'This was a good community with honest people': BAFTA winner's love of Lowestoft
PUBLISHED: 16:11 21 May 2019 | UPDATED: 16:11 21 May 2019
Walking down quiet streets lined with terraced houses, Sean Harris' passion for his hometown is clear.
"This town is dead in places, but it is beautiful and there is so much history here," the BAFTA winning actor explains.
Raised in Lowestoft in the 1970s, Mr Harris said the downturn in the town's fortunes is "upsetting," but there is hope for the future.
He said: "It was a different time here growing up in the 70s and 80s. There was work back then. We had the shipyard, the fishing industry, the coachworks. There was a community.
"I get back to Lowestoft quite regularly but it's sad walking up the high street and seeing everything closed.
"I always make a point of walking from the station through Roman Road because this was a good, working-class kind of community with honest people in a nice area. It is hard here now and it does make me upset.
"Families live in these houses and you have to wonder what sort of inspiration their children are getting.
"These were lovely areas. Families lived here, people worked, but this has been going on all over the country since Margaret Thatcher kickstarted it all."
Best known on the big screen for his appearances as antagonist Solomon Lane in two Mission: Impossible films alongside Tom Cruise, as well as winning the leading actor BAFTA award for his performance in Southcliffe, the actor rejects the notion of being a role model for youngsters hoping to follow in his footsteps.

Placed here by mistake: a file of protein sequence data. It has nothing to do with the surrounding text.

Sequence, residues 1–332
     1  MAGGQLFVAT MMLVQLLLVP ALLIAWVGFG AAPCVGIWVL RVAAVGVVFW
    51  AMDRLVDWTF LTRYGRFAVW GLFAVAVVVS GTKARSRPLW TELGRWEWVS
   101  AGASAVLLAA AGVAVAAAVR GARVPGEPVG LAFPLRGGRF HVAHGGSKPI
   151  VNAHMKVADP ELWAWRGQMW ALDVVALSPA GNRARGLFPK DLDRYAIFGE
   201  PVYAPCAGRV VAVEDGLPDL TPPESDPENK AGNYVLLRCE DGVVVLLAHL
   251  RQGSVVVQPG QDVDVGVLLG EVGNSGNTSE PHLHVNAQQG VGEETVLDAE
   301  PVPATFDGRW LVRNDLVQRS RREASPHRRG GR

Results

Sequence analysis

He said: "Don't look at me, look at yourself. What is it you want and why do you want it?
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"You can react by being told you will never achieve anything unless you are a certain type of class or that people think you will never amount to anything. You have to fight that and go against it, or you buckle to it."
Born near Woodbridge, it is the east Suffolk town of Lowestoft which remains in his heart.
He said: "The most important thing is hope. Things can change and get better, but at the minute it is sorry and upsetting. I don't want to be hard on it because I love this town, but it is a harsh reality.
"There are three amazing beaches, all really different, and God forbid anything happens to our theatres. Things like the First Light Festival are a great idea for this town."
It was that hope, along with the backing of his former teacher Lesley Halley at Denes High School in Lowestoft, that helped him achieve his goals.
He said: "My dad moved to America because there was no work here. I had no money or education to move with him and I just got lucky with a few things that drew me towards acting. I never really saw that as a real thing that might happen. I had one teacher who was really the only nurturing person I had who believed in me.
"If she hadn't been there, I 100pc would not be an actor today. It is about getting that inspiration and belief that you could be achieve it, and always taking little steps towards that."
While his career has seen him star alongside one of Hollywood's biggest names, it is on the smaller scale where Mr Harris hopes his message is heard. He said: "If you look at my career, I play a lot of outside society types. I am not a social worker or politician, but I care about these people.
"Films like Mission: Impossible are not really what I am interested in. It is good to be asked, and it wasn't a bad experience, but unless you're the Tom Cruise of it then you are not there to do a lot of acting.
"I am just happy with acting. I was never interested in being famous or a movie star, I just wanted to be an actor. I am more interested in independent, low-budget films now.
"When I'm in Lowestoft, I like coming to the Stanford Arms because it is an interesting space. It is really interesting to hear the stories and there are nice people here.
"Wherever I am, I try to put myself in the world and watch others around me so if I got asked to portray that, then I have got something I have observed."